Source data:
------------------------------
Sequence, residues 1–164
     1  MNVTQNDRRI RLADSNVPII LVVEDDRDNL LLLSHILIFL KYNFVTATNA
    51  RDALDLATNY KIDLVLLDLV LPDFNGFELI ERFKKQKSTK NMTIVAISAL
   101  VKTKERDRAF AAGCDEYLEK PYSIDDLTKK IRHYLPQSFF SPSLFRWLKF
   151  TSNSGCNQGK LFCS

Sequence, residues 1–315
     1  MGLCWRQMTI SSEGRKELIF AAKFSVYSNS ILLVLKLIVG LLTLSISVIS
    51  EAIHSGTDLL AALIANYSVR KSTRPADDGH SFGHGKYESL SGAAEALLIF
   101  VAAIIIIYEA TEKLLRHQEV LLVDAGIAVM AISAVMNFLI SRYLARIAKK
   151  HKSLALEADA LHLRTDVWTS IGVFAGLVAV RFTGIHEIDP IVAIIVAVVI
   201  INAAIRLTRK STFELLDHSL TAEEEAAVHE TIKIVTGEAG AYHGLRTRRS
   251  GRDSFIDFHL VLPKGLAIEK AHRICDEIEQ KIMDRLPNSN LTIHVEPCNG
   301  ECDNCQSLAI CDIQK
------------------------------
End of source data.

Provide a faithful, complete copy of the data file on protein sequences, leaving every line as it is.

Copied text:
Sequence, residues 1–164
     1  MNVTQNDRRI RLADSNVPII LVVEDDRDNL LLLSHILIFL KYNFVTATNA
    51  RDALDLATNY KIDLVLLDLV LPDFNGFELI ERFKKQKSTK NMTIVAISAL
   101  VKTKERDRAF AAGCDEYLEK PYSIDDLTKK IRHYLPQSFF SPSLFRWLKF
   151  TSNSGCNQGK LFCS

Sequence, residues 1–315
     1  MGLCWRQMTI SSEGRKELIF AAKFSVYSNS ILLVLKLIVG LLTLSISVIS
    51  EAIHSGTDLL AALIANYSVR KSTRPADDGH SFGHGKYESL SGAAEALLIF
   101  VAAIIIIYEA TEKLLRHQEV LLVDAGIAVM AISAVMNFLI SRYLARIAKK
   151  HKSLALEADA LHLRTDVWTS IGVFAGLVAV RFTGIHEIDP IVAIIVAVVI
   201  INAAIRLTRK STFELLDHSL TAEEEAAVHE TIKIVTGEAG AYHGLRTRRS
   251  GRDSFIDFHL VLPKGLAIEK AHRICDEIEQ KIMDRLPNSN LTIHVEPCNG
   301  ECDNCQSLAI CDIQK